Thus whom God deliuered from drowning, hee appointed to bee famished, who doth giue limits to mans times, and ordaineth the manner and circumstance of dying: whom againe he will preserue, neither Sea nor famine can confound. For those that arriued vpon the Newe found land, were brought into France by certaine French men, then being vpon that coast.
After this heauie chance, wee continued in beating the sea vp and downe, expecting when the weadier would cleere vp, that we might yet beare in with the land, which we iudged not farre off, either the continent or some Island. For we many times, and in sundry places found ground at 50, 45, 40 fadomes, and lesse. The ground comming vpon our lead, being sometimes oazie sand, and otherwhile a broad shell, with a little sand about it.
Causes inforcing vs to returne home againe. Our people lost courage dayly after this ill successe, the weather continuing thicke and blustering, with increase of cold, Winter drawing on, which tooke from them all hope of amendment, setling an assurance of worse weather to growe vpon vs euery day. The Leeside of vs lay full of flats and dangers ineuitable, if the wind blew hard at South. Some againe doubted we were ingulphed in the Bay of S. Laurence, the coast full of dangers, and vnto vs vnknowen. But aboue all, prouision waxed scant, and hope of supply was gone, with losse of our Admirall.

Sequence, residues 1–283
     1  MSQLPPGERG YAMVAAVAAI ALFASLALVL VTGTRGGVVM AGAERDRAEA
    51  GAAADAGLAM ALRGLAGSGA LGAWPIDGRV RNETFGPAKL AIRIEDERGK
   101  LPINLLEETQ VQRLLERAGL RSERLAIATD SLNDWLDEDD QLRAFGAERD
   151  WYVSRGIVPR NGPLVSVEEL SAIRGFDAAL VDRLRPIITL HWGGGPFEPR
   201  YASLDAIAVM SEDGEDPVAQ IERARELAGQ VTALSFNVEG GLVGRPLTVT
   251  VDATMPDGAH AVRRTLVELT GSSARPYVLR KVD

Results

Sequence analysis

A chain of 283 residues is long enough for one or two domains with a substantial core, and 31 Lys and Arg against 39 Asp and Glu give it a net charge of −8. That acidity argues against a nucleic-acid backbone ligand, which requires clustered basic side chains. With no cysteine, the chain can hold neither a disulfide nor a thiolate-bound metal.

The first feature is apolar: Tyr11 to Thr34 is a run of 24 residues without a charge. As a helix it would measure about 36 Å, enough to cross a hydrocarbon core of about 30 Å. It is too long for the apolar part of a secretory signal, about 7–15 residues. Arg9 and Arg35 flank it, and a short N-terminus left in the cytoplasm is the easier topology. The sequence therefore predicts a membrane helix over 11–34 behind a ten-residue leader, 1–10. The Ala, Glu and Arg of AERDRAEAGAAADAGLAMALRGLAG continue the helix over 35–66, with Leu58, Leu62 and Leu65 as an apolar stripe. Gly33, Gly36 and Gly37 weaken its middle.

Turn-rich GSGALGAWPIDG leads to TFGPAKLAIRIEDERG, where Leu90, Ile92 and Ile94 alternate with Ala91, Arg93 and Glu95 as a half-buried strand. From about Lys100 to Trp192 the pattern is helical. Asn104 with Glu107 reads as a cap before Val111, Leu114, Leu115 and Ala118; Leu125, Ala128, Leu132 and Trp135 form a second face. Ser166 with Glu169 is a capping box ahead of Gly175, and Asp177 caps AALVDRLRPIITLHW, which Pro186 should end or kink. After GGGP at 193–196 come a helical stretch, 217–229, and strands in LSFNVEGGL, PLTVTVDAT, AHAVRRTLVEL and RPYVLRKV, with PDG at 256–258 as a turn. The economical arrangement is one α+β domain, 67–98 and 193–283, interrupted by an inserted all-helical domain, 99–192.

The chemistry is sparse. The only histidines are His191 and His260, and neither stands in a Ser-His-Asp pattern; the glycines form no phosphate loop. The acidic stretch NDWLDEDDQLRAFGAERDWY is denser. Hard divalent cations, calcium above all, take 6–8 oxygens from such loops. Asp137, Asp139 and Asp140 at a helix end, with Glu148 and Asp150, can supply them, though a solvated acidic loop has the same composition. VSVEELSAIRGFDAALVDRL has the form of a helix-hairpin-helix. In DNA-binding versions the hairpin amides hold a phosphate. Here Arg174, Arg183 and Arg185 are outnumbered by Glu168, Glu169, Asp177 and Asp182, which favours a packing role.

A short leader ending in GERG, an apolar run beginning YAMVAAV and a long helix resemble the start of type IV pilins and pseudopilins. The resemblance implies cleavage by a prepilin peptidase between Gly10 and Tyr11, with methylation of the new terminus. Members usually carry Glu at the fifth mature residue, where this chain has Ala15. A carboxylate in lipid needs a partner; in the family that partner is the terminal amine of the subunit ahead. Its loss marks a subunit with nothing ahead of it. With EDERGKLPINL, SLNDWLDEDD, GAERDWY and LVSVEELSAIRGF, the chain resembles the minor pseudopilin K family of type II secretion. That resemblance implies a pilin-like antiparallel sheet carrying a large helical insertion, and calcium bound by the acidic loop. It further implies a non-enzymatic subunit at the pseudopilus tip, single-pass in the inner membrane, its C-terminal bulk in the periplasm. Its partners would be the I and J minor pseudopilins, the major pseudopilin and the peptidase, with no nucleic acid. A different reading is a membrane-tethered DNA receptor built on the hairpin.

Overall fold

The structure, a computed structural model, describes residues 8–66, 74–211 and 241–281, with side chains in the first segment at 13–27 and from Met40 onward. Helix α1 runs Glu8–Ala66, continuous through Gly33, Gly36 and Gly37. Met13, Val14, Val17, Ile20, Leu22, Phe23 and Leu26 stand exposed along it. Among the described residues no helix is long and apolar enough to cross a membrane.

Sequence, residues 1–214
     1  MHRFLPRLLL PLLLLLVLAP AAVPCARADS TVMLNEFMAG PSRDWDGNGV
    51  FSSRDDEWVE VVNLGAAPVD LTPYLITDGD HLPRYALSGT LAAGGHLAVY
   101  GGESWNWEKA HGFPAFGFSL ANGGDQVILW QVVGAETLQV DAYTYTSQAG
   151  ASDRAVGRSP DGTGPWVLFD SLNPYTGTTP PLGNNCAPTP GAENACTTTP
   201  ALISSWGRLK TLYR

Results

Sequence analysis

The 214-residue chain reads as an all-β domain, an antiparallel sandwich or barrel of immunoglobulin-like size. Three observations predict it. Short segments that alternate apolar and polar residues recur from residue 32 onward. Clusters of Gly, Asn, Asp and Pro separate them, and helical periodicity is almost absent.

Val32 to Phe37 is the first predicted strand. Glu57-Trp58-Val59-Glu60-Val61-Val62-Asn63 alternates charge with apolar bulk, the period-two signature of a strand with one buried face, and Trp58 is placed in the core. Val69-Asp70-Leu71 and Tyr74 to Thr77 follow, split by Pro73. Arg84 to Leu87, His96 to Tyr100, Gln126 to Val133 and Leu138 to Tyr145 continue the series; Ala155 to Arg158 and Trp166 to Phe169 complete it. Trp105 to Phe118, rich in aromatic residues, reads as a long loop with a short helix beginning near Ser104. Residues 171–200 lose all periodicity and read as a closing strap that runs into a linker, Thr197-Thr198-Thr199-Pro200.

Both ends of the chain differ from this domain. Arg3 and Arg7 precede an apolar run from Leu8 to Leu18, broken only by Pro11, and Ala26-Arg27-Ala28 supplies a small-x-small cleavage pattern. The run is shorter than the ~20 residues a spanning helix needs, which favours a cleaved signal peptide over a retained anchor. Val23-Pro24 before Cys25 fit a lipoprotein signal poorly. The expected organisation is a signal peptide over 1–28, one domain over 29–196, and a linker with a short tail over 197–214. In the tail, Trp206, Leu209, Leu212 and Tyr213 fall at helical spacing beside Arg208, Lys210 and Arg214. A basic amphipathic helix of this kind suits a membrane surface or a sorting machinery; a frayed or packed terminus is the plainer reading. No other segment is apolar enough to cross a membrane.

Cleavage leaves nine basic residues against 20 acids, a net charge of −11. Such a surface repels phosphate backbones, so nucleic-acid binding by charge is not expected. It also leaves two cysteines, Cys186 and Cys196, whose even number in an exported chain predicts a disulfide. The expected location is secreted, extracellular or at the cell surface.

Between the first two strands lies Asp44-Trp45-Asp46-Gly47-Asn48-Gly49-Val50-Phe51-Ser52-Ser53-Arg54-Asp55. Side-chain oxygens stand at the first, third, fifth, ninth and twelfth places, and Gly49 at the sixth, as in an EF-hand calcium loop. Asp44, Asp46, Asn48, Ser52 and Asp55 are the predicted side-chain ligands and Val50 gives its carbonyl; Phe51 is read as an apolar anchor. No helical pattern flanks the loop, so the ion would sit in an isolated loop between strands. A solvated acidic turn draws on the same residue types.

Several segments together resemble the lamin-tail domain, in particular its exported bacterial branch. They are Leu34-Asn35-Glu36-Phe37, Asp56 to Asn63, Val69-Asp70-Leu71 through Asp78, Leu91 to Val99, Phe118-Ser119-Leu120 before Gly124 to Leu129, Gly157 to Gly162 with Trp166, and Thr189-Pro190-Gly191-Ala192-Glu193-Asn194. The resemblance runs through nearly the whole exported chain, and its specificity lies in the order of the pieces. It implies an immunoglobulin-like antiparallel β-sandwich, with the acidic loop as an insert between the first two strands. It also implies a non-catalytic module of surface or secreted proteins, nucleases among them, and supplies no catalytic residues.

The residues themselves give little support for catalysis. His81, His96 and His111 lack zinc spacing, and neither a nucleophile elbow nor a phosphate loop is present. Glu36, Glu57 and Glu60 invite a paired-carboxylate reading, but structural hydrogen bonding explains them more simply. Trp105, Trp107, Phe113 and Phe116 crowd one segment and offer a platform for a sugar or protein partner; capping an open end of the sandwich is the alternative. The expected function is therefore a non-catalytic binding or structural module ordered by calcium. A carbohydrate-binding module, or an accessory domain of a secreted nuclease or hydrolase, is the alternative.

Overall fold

Those in the Frigat were already pinched with spare allowance, and want of clothes chiefly: Whereupon they besought the Generall to returne for England, before they all perished. And to them of the Golden Hinde, they made signes of their distresse, pointing to their mouthes, and to their clothes thinne and ragged: then immediately they also of the Golden Hinde, grew to be of the same opinion and desire to returne home.
The former reasons hauing also moued the Generall to haue compassion of his poore men, in whom he saw no want of good will, but of meanes fit to performe the action they came for, resolued vpon retire: and calling the Captaine and Master of the Hinde, he yeelded them many reasons, inforcing this vnexpected returne, withall protesting himselfe greatly satisfied with that hee had seene, and knew already.
Reiterating these words. Be content, we haue seene enough, and take no care of expence past: I will set you foorth royally the next Spring, if God send vs safe home. Therefore I pray you let vs no longer striue here, where we fight against the elements.
Omitting circumstance, how vnwillingly the Captaine and Master of the Hinde condescended to this motion, his owne company can testifie: yet comforted with the Generals promises of a speedie returne at Spring, and induced by other apparent reasons, prouing an impossibilitie, to accomplish the action at that time, it was concluded on all hands to retire.